On the way down the hill, a walker passes Annie's Wishing Tree, a prominent landmark in Glenwood Springs that is becoming famous around the world.

On the way down the hill, a walker passes Annie’s Wishing Tree, a prominent landmark in Glenwood Springs that is becoming famous around the world.

They are striking as they dance on a background of cloudy-grey sky and remind me of the prayer ribbons and flags you see in photos of Nepal along the route up Mount Everest.   These are wish ribbons.  Most were placed there by Annie Zancanella who lives just down the slope. In her two battles with cancer she found solace in tying ribbons to the tree on which she played as a child.  “I spent my childhood playing on the mountain and walking with my father on his evening stroll up there,” she told me.  “Now that my family has all passed I still like to walk that trail daily and think of them and my happy childhood.”

She started putting ribbons on the tree, using them to represent her own wishes, dreams and prayers in her fight against cancer.  After participating in a successful, non-traditional treatment program at Northwestern University in Chicago, she traveled to cancer centers in the USA to share her success story with university hospital students.  Collecting ribbons from young patients at those hospitals she brought them home and tied them to the tree.

“It was just pretty much my ribbons from my heart being put on it,” she says, “And then I realized that I needed to spread this happiness…”  She started taking bags of ribbons to the children’s hospital where she volunteered each month.  The kids would write their own wishes, dreams and prayers for her to take back to the tree and tie for them. She would then take photos and show them to the kids.  Their words were on display for the world to see.  The project grew.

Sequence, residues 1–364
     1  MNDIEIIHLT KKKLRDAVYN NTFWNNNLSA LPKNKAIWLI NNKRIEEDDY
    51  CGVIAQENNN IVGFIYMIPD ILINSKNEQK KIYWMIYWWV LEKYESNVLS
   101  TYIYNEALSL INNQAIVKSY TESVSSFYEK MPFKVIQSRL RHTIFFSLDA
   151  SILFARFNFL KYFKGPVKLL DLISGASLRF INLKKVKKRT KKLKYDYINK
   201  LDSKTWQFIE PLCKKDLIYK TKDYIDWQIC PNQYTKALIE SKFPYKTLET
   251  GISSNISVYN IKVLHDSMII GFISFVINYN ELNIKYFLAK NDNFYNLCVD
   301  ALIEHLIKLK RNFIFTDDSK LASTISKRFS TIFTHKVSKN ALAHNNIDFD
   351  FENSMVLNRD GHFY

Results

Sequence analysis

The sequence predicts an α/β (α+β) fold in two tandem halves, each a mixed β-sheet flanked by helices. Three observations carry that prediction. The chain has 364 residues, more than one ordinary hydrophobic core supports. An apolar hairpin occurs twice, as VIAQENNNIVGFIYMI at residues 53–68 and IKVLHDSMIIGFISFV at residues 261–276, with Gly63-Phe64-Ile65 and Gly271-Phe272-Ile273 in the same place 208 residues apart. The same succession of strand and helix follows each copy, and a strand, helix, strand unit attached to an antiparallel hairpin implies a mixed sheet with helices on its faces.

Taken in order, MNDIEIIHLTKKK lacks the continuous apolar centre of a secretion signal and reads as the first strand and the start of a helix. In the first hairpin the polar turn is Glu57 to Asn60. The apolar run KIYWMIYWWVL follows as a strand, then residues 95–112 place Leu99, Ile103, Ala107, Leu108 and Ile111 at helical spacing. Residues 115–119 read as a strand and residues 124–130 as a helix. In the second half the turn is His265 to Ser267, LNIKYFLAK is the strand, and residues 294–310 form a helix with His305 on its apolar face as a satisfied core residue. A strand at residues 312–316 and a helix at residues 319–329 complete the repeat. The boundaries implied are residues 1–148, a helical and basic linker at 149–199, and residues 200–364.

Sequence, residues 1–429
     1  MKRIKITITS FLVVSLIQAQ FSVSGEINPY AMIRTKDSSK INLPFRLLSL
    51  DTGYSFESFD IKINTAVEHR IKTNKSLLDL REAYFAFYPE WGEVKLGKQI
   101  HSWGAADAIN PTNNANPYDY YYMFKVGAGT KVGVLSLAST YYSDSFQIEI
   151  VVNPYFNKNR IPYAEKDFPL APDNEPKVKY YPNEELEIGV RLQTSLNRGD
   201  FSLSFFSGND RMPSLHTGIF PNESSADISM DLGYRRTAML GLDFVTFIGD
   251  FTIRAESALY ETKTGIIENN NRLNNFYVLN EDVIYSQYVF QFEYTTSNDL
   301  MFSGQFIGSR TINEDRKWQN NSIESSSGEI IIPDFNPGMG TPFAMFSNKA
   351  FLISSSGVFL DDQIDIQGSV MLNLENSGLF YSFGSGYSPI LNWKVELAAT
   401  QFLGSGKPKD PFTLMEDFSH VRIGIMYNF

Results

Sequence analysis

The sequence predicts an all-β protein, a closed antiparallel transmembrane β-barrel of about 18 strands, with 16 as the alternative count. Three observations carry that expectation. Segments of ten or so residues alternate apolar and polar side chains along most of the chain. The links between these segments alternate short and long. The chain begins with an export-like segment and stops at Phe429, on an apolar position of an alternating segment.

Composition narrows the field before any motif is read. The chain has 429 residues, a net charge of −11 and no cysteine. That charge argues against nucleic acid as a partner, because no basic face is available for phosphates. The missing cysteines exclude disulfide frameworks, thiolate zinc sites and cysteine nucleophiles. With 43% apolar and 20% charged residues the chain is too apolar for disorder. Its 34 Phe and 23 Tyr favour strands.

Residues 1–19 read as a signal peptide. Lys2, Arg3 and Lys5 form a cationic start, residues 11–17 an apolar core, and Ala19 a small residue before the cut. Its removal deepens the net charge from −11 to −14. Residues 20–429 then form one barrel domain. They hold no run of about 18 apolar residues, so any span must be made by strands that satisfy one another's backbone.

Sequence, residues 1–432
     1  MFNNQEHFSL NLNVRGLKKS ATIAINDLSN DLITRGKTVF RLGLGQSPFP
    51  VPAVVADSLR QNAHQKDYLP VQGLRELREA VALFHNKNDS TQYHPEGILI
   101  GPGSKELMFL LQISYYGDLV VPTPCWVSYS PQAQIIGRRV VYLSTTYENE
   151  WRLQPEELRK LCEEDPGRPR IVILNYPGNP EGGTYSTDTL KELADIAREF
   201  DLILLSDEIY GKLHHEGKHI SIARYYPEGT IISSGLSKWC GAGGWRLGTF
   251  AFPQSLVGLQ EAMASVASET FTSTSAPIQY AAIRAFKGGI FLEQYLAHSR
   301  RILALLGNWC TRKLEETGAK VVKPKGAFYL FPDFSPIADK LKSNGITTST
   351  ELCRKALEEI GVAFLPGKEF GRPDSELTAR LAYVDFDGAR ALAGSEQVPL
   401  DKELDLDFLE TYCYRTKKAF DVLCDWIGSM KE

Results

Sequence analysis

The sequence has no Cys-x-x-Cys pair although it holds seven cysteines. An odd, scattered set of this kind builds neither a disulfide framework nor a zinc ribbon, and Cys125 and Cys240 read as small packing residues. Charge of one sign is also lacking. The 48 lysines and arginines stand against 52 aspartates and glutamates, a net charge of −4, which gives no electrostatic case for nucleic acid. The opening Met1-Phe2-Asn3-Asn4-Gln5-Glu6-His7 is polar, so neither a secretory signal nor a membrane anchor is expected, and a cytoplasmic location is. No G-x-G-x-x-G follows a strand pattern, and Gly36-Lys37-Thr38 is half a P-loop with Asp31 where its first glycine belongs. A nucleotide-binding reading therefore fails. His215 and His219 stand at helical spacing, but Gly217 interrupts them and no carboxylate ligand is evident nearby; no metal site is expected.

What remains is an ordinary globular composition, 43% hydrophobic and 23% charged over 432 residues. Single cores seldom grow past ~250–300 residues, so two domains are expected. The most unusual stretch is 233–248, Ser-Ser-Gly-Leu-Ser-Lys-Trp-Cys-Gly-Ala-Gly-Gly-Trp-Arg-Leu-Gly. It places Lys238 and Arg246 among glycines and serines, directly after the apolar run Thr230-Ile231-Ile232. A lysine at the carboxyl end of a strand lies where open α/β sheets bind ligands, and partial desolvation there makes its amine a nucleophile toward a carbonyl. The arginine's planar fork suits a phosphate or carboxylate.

Annie's Wishing Tree is a landmark along the trail to the Pioneer Cemetery.

Annie’s Wishing Tree is a landmark along the trail to the Pioneer Cemetery.

Now others follow her lead by leaving wish ribbons, prayer streamers and mementos for others who are challenged by health issues.  Since that time she has continued to fight.  “I have had some more recent struggles with cancer but I’ve been able to keep a smile on my face and motivation in my heart.”

Ribbons were added by unknown hikers after Annie created the Wishing Tree.

Ribbons were added by unknown hikers after Annie created the Wishing Tree.

I came to the hill looking for the story of death, of disease and of legend.  Now I’ve arrived to unexpectedly find a story of life, of adversity and of hope.  In my mind I am attempting to blend the two narratives into one.  Annie is my daughter’s age.  Her story strikes a father’s heart.

The record of the tree is strikingly symbolic to the history and name of the route, The Doc Holliday Trail.  It’s antithetical to Annie’s story.  Holliday is said to have traveled to Glenwood Springs for the purported healing benefits in the springs of the area.  His sickness was then called consumption, now we know it as tuberculosis.  It was the reason he left his home and dental practice  in Atlanta to start wandering the west in hope of a climate that would help or cure him.  His travels between Georgia and Colorado would be captured in legend; card games, gun fights, the OK Corral with Wyatt Earp, his death in a hotel room in Glenwood Springs.

The current marker replaced an earlier stone placed in the 1950s that had incorrect information.  Cards, whisky and tokens are often found at the site, left by admirers.

The current marker replaced an earlier stone placed in the 1950s that had incorrect information. Cards, whisky and tokens are often found at the site, left by admirers.